Let's face it...money matters; especially when you plan a big-ticket expense like buying a home. Knowing how to go about garnering the funds for it and being prepared will ensure that you purchase goes through without any hiccups.
Stage 2 makes you aware of all the financial aspects of the purchase that you must take into account...
To know if you can afford your dream home with the help of a loan, calculate the following:
RBI allows a loan-to-value ratio (LTV) of up to 90% for home loans of Rs.30 lakh or less. For loans above Rs.30 lakh and up to Rs.75 lakh, the LTV stands at up to 80%. Accordingly, banks and NBFCs will require you to put up around 10-20% of the cost of the house, depending on the value of the house, as a down-payment before they sanction a loan for the balance amount. So, for instance, if you have saved up Rs 3 lakh for your home until now, you can typically expect to get a maximum loan amount of Rs 27 lakh from your lender.
The loan that will be sanctioned will also depend on your current income. This gives your lender an idea of how much you will be able to pay out in EMIs every month. Ideally, the EMI on your home loan should not be more than 40% of you take home salary, if you have no other outstanding loans to service.
The last variable in determining the amount of loan that you are eligible for is the value of your home as assessed by your lender. When you take a home loan, your property is mortgaged to the lender until you repay the loan. Irrespective of the figure that the buyer and seller settle on, the lender may have its own way of determining the value of the property.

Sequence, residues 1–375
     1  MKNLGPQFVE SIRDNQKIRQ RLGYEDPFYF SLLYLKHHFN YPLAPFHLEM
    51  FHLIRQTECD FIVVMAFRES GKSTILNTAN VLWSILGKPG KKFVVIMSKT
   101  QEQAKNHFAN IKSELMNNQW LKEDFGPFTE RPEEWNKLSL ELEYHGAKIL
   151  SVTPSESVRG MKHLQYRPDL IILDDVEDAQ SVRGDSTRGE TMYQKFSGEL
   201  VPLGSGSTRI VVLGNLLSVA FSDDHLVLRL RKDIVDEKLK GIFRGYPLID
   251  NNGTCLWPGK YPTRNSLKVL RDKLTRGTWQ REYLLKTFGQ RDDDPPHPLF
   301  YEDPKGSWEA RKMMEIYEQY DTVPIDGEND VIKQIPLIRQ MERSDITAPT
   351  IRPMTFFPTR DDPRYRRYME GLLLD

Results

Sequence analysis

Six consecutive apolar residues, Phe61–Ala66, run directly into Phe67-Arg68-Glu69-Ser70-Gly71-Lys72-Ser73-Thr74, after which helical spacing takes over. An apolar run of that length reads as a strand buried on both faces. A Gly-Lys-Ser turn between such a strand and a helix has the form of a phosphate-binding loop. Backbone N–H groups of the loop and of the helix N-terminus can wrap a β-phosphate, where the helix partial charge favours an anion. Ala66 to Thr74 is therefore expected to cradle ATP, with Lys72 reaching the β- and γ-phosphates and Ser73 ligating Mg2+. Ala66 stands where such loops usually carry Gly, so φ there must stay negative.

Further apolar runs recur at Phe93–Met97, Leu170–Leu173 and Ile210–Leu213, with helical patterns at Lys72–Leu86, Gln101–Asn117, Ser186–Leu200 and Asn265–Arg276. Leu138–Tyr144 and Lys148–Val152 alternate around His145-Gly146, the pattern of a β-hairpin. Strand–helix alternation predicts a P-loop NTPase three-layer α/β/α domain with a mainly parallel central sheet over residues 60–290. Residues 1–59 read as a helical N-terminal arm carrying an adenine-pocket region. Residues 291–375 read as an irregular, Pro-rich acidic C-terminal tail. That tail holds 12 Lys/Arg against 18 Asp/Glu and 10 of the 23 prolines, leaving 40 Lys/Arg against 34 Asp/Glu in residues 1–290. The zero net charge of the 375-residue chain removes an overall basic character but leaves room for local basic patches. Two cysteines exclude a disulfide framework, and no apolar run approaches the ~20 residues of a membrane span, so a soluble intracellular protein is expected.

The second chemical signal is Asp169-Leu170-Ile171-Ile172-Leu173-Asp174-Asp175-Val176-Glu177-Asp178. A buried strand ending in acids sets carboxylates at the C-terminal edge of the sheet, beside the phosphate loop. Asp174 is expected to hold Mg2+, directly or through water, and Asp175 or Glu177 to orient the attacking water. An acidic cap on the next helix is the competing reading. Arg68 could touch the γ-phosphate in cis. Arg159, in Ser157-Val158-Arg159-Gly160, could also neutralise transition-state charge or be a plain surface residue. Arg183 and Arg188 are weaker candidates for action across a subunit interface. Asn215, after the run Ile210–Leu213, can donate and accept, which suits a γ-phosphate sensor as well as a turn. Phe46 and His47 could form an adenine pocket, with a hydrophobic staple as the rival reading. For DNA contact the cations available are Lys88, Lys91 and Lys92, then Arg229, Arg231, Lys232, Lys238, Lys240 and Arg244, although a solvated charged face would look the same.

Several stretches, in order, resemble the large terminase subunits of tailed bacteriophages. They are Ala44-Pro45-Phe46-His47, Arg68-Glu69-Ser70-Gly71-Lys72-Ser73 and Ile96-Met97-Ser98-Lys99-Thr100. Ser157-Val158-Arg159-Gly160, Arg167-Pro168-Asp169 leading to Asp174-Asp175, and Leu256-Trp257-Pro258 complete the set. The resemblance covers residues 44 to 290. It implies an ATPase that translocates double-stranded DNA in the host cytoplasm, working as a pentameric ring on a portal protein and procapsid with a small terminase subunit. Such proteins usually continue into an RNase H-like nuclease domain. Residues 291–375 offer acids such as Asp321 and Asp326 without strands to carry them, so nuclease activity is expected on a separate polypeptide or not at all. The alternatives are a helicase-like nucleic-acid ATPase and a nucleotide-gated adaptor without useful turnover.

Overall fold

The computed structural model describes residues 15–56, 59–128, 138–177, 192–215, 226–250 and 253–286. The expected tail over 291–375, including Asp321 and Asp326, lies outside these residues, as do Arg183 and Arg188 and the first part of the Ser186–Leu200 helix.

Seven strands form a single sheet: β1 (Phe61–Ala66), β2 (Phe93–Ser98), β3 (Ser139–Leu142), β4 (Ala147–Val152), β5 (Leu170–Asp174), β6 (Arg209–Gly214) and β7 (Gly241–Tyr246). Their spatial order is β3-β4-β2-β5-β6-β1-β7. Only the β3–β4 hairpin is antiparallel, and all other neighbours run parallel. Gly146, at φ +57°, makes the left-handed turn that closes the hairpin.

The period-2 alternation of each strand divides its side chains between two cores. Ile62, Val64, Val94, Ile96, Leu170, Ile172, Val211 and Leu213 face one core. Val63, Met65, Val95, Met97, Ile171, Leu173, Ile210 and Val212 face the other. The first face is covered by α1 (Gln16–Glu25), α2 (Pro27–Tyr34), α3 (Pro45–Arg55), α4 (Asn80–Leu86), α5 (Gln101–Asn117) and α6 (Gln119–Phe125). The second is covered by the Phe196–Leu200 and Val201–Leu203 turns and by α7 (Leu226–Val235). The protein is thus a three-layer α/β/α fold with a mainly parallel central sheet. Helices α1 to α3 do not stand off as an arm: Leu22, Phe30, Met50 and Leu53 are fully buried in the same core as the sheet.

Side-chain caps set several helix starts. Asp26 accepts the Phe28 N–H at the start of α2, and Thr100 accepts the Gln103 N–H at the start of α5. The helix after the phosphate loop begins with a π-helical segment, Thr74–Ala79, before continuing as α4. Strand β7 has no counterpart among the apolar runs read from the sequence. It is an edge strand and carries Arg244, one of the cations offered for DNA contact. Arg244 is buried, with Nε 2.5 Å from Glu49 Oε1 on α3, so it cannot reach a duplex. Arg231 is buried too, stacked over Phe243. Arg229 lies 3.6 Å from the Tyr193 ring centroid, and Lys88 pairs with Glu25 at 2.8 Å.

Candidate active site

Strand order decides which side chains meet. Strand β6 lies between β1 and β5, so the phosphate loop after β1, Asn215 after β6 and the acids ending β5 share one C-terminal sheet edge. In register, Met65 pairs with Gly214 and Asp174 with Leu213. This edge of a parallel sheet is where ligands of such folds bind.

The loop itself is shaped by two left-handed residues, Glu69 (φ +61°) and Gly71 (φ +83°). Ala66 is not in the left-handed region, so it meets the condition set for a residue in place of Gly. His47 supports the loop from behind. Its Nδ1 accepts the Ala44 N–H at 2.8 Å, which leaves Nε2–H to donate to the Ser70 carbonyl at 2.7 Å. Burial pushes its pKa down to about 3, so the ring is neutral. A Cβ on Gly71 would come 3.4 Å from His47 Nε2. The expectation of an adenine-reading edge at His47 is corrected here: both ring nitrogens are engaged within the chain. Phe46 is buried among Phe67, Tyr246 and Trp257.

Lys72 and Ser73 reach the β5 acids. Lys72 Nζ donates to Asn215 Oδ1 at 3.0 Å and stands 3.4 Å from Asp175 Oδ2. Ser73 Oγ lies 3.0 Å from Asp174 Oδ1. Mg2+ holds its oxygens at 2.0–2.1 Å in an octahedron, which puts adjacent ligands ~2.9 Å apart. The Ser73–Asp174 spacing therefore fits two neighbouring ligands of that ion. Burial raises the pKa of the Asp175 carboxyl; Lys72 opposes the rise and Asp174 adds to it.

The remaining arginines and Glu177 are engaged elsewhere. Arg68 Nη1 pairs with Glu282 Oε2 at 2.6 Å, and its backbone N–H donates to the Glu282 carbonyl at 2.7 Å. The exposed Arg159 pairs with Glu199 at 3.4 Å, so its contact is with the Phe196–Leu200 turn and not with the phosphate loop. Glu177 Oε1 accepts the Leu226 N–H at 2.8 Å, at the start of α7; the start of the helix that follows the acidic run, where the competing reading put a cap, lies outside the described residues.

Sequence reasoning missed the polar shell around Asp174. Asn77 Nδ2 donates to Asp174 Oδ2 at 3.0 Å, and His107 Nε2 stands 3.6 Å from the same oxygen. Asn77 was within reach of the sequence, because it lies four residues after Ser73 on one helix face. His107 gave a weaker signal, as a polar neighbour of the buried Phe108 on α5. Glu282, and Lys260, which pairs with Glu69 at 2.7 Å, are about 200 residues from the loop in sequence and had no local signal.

Any institution will be funding to a maximum amount of 90% of the value of the home (value<30 lakhs) and 80% of the value of the home for value(>30 lakhs) or the maximum eligible amount whichever is less
Other factors that a lender will take into account include your age at the time of application for a loan, loan amounts currently being serviced, CIBIL score and credit history, employment track record, etc.
If you are a Resident Indian Individual who is salaried you are welcome to apply for a home loan from Infoline Home Loans either individually or jointly. Co applicants can be your spouse, close relatives, partnership firms, and private limited company.
The price that you negotiate forms a large part of your home buying budget. However there are other small and large amounts that must be added to this lump-sum amount to arrive at you home buying budget. These could form as much as 25% of the actual cost of purchasing a house. They include: